How do you sort out nontraditional crop products to try?

Tom J. Bechman hand holding ear of corn
YIELD MATTERS MOST: What matters when you test a nontraditional product is whether it adds yield and increases your bottom line.
Corn Corner: There are a ton of products competing for corn input dollars.

Four different salespeople have pitched me for nontraditional products for corn. Some are biologicals; others aren’t. Some claim to help corn use nitrogen better. None are super-expensive, but every dollar counts today. Should I try some? If so, which ones?

The Indiana certified crop advisers panel answering this question includes Danny Greene, owner of Greene Crop Consulting, Franklin; Jeff Nagel, agronomist with Ceres Solutions, Lafayette; and Marty Park, agronomist with Gutwein Seed Services, Rensselaer.

Greene: You’re correct, every dollar counts today. Having information on which products have the best chance to work can help you make these decisions with confidence.

Your operation is a business. Although there is always risk in farming, make business decisions, rather than letting emotion take over. Create a policy of committing to try “crazy idea” experiments, but on a limited scale. Test ideas or products that are completely out of the ordinary for your farm each year, limited to 0.4% of your acres. This is not likely enough to hurt you economically but could give insight before expanding your exposure. If you decide to move to year two, try it on 4% of your acres. If the program shows the benefit you wanted, move it up to a higher percentage. You’ll never be in the position of having to decide on large-scale purchases without testing again.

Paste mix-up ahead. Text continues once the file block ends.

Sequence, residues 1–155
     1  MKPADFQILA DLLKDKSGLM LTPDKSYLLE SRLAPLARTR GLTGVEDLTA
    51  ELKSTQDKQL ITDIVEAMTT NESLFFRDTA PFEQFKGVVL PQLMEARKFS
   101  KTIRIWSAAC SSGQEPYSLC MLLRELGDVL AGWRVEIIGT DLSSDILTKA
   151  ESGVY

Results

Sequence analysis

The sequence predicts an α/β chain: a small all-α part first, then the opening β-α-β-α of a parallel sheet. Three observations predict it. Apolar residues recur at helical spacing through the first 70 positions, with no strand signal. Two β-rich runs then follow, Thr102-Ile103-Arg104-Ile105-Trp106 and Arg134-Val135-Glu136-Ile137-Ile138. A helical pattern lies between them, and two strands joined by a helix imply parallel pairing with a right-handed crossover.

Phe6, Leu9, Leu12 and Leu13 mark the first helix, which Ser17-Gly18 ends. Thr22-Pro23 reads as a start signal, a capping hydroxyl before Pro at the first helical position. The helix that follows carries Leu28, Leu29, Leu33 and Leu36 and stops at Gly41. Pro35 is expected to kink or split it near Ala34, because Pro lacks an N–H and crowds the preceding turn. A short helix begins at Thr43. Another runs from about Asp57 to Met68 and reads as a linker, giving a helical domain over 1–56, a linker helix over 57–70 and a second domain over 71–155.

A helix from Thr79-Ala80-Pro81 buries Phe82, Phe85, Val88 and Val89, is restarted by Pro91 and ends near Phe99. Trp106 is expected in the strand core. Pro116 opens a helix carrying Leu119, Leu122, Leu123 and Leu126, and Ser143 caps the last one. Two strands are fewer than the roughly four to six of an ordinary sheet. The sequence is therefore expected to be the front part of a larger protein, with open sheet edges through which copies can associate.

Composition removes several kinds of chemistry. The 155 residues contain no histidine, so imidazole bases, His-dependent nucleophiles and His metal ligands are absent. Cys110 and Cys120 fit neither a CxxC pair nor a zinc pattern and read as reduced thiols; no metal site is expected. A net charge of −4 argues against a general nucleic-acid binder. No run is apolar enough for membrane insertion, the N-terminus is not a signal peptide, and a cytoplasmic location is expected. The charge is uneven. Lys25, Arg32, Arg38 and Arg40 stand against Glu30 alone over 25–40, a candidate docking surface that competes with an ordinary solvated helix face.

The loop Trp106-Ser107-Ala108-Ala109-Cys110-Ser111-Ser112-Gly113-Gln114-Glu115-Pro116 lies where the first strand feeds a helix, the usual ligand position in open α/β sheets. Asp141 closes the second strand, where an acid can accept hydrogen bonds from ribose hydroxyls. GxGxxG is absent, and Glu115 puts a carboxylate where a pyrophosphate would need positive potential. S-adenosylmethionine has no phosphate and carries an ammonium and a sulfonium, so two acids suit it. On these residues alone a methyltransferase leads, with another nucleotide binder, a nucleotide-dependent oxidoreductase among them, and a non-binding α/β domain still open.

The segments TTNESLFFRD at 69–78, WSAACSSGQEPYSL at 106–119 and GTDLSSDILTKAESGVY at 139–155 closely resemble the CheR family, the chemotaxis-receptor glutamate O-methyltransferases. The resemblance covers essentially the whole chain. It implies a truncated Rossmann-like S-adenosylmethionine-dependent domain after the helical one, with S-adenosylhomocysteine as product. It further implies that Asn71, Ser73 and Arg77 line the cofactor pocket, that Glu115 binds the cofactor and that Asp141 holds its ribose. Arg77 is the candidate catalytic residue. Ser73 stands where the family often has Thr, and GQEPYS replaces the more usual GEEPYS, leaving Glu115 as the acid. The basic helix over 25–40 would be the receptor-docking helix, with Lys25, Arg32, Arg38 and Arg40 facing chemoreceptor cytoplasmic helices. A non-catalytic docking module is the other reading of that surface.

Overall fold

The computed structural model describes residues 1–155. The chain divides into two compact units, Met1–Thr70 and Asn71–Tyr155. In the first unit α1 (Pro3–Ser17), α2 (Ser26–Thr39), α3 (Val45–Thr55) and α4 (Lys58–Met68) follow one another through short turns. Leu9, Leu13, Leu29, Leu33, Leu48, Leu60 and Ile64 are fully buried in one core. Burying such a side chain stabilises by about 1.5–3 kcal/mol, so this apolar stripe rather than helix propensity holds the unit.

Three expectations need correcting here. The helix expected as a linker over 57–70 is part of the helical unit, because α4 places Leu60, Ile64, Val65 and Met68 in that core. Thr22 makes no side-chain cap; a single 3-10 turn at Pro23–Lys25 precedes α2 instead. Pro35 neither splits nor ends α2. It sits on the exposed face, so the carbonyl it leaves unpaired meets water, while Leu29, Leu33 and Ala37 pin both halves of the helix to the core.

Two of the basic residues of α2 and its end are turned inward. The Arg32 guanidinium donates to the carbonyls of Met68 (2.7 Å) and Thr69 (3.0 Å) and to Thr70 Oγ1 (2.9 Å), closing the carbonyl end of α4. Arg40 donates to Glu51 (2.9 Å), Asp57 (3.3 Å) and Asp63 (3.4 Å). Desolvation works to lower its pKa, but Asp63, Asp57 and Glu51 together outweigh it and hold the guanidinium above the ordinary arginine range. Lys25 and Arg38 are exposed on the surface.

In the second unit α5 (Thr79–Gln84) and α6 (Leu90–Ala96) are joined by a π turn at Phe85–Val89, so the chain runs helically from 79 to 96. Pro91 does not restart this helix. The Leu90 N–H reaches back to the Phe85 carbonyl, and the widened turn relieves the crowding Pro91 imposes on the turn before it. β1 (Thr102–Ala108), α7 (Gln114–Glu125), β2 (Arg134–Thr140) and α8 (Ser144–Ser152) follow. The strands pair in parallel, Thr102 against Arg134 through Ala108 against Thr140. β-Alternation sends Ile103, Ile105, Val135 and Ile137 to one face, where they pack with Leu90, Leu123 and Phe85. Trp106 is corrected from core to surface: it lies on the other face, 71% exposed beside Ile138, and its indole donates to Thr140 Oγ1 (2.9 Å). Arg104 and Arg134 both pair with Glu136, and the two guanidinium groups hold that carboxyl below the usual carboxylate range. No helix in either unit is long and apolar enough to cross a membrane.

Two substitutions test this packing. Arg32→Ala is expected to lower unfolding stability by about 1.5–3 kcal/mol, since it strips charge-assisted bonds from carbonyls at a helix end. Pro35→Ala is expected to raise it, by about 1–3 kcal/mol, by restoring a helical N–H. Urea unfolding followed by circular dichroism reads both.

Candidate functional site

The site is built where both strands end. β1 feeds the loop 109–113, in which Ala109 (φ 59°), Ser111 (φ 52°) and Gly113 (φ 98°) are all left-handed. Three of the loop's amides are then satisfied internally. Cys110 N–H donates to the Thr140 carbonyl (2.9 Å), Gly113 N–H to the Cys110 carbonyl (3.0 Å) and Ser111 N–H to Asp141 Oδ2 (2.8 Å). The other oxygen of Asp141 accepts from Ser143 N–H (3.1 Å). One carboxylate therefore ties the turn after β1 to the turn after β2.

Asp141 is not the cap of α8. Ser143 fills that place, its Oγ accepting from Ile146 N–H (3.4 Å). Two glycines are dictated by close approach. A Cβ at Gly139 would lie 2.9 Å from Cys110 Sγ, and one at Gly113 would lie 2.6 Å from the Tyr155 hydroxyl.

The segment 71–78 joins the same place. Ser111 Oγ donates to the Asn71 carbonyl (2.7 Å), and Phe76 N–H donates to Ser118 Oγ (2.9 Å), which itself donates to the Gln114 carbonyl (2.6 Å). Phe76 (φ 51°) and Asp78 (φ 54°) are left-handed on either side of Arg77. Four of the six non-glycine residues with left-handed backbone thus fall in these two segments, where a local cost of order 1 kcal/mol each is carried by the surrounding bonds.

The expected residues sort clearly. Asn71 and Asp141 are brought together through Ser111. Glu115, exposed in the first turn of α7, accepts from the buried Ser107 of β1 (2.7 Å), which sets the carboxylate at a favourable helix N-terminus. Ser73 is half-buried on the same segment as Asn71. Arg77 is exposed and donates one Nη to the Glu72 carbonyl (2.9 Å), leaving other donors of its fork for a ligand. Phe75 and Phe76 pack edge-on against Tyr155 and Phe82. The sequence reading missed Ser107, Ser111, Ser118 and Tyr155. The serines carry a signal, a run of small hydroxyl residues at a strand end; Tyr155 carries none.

However, you must commit to performing the test and comparing it to a check. Otherwise, next year, you’ll ask yourself the same questions you did this year with no clearer idea if it might work. Consider working with your CCA to help organize your tests. Chances are that your CCA can help you test some products as part of a group. Using multiple sites is much more powerful than a single location.

Nagel: The number of vendors and products has increased substantially in the past few years. Many of these products are considered “biostimulants” and fall into one of the following categories: humic substances, amino acids, chitosans, seaweed extractants and beneficial bacteria/fungicides. Biostimulants stimulate plant processes that might provide one of the following functions:

  1. enhance/benefit nutrient uptake and/or efficiency
  2. increase tolerance to abiotic stress, such as drought or heat
  3. increase crop quality or yield

Many manufacturers have made investments in this space. While there may be merit to some products, results in a laboratory that look promising often don’t translate into consistent responses in field trials. We currently have trials out on one of the nitrogen products, but visual observations and tissue testing don’t suggest an improvement in N efficiency. Yield data will be analyzed after harvest. University research trials on one of the other N products has not shown consistent responses in 2020.

We’ve seen some benefit to some biological fungicidal products that have helped mitigate seedling blight in corn.

There will likely be research advancements that will generate products and knowledge that will add value at the farm gate. In the meantime, be a critical thinker of the claims made and try some on-farm trials to make evaluations before investing on the whole farm.

Park: Ask them for trial data, and especially third-party trial data, supporting their claims. After studying all the data and the cost-benefit relationship, try the best products on your farm, but on a small scale. Be sure to leave “untreated” checks so you can evaluate performance.

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